Resolutions vs. Lifestyle Changes


Jeremiah 29:11 “For I know the plans I have for you,” says the Lord.  “They are plans for good and not for disaster, to give you a future and a hope.”

There is an increasing devotion shared among societies to make aspiring New Year Resolutions for personal development and to overcome life obstacles.  Year after year individuals perform self-assessments and make bold declarations.  “In this New Year, I will not do the same things or be in the same position as I was last year or in years before,”  and so it has become a celebrated cliché to proclaim,  “A New Year, A New You”.

There would be no dilemma to this affirmation if more individuals were successful in achieving it but sadly a large number of Americans abort their resolutions within the first few weeks or months.  There is a huge misconception that creating a resolution will fix quickly and take away the undesired lifestyle/behavior when the reality of it is, to get something you never had before; you have to start doing things you never done before.  To replace old habits/behaviors for lifestyle change, you have to create new habits/behaviors that take you from where you are to where you desire to be.  I thought, what a great opportunity to share in this article a simple but effective method that produces bigger results than the hype and hoopla of hallmark declarations.

If you are truly serious about accomplishing your life goals you must make them SMART.  Life coaching is about helping others achieve life fulfillment, and one of the effective coach approaches I use to motivate faith, focus, and follow-through is with a process called the S.M.A.R.T. goals method.  The term “SMART” is an acronym that usually stands for Specific, Measurable, Attainable, Realistic and Timely — although you may find variant meanings of the phrase depending upon its application in business.  This checklist is popular for developing and implementing performance goals that you can apply to any target area of your life.  I hope you find this information to be useful as you strive to create a better you and achieve your lifelong dreams.  With the SMART goals criteria:

Goals Must Be – Specific.  A specific goal has a much greater chance of being accomplished than a general goal.

To set a specific goal you must answer the six “W” questions:

Who:  Who is involved?
What:  What do I want to accomplish?
Where:  Identify a location.
When:  Establish a time frame.
Which:  Identify requirements and constraints.
Why:  List specific reasons, purpose or benefits of accomplishing the goal.

Goals Must Be – Measurable.  Establish concrete criteria for measuring progress on each goal you set.  When you measure your progress, you stay on track, reach your target dates and experience the exhilaration of achievement that motivates you to reach your goals.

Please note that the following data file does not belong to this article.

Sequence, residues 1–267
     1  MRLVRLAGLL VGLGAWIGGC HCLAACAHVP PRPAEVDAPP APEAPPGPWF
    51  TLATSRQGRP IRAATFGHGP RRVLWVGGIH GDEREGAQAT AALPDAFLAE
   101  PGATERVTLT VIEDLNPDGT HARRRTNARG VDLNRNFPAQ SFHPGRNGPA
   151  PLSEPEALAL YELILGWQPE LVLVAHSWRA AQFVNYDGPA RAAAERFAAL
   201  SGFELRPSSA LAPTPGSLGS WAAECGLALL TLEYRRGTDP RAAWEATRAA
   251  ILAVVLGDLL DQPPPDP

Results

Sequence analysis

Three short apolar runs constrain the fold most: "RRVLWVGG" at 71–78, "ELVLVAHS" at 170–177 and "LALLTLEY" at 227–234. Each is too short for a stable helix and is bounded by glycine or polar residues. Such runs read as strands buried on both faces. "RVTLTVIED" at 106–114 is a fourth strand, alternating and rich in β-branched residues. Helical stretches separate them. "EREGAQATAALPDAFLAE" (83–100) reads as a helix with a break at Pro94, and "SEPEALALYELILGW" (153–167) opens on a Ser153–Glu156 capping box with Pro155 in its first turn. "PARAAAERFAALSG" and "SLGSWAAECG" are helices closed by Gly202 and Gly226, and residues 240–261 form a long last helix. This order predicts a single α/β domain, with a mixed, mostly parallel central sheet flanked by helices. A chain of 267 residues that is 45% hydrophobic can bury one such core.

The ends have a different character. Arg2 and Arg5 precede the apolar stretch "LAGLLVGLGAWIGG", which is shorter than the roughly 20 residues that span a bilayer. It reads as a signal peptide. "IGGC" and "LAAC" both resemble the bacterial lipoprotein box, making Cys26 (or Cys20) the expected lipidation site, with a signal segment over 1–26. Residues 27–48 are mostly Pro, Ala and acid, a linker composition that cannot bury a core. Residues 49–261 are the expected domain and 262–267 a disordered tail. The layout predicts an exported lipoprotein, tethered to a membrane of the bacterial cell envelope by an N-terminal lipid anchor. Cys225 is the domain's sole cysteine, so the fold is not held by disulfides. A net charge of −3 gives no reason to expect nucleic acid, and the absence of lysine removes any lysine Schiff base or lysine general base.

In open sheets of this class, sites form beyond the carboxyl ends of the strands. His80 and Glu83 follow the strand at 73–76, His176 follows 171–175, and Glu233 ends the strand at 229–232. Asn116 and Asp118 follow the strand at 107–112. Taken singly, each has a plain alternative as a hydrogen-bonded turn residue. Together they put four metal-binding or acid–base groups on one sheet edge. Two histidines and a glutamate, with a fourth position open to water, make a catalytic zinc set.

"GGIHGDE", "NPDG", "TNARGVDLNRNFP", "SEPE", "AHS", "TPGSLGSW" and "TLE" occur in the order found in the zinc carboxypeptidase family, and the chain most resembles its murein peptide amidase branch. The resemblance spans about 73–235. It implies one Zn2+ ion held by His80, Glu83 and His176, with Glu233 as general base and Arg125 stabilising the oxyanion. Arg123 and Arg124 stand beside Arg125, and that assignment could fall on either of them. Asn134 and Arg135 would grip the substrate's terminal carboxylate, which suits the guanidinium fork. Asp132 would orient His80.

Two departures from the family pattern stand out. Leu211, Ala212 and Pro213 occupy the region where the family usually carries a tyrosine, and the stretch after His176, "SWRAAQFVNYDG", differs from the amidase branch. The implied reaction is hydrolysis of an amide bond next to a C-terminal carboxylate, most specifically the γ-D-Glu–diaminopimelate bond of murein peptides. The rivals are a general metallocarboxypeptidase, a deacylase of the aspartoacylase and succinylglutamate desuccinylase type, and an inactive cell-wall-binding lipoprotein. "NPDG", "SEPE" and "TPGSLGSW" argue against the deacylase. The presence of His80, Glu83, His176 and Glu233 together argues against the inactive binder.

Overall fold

To determine if your goal is measurable, ask yourself questions such as: How much?  How many?  How will I know when it is accomplished?

Goals Must Be – Attainable.  When you identify the goals that are most important to you, you begin to consider the things you need to do make them come true.  You develop the attitudes, abilities, and skills needed to reach them.  You begin to see previously overlooked opportunities to bring yourself closer to the achievement of your goals.

You can attain most any goal you set when you plan your steps wisely and establish a time frame that allows you to carry out those steps.  Goals that may have seemed far away and out of reach eventually move closer and become attainable, not because your goals shrink, but because you grow and expand to match them.  When you list your goals, you build your self-image.  You see yourself as worthy of these goals and develop the traits and personality that allow you to possess them.

Goals Must Be – Realistic.  To be realistic, a goal must represent an objective towards which you are both willing and able to work.  A goal can be both high and realistic; you are the only one who can decide just how high your goal should be.  However, be sure that every goal represents substantial progress.  A high goal is often easier to reach than a lesser one because it has a greater motivational force.  Some of the hardest jobs you ever accomplished actually seem easy simply because they were a labor of love.

Your goal is probably realistic if you truly believe that it can be accomplished.  Another way to know if your goal is realistic is to determine if you have accomplished anything similar in the past or to ask yourself what conditions would have to exist to accomplish this goal.

And Goals Must Be – Timely.  A goal should be grounded within a time frame. With no time frame tied to it, there’s no sense of urgency.  If you want to lose ten pounds, it will not work to say “someday”.  However, if you anchor the goal within a time frame, such as “by May 1st”, then you have set your unconscious mind into motion to begin working on the goal.

T can also stand for Tangible – A goal is tangible when you can experience it with one of the senses, that is, taste, touch, smell, sight, or hearing.  When your goal is tangible, you have a better chance of making it specific and measurable and, thus, attainable.


Source: Tip Sheet information provided courtesy of Creating S.M.A.R.T. Goals, (accessed January 07, 2013).

Yolanda Banks

Prophetess Yolanda Banks is the founder of Amplified Life Ministries and the Co-Pastor of New Deliverance Bible Church in Sugar Land, Texas.  She is a life coach and motivational speaker passionate about spiritually equipping others to discover and walk in their God divine purpose victoriously.  Her multifaceted ministry emphasizes supernatural empowerment that inspires many to live transformational and productive Christian lives.


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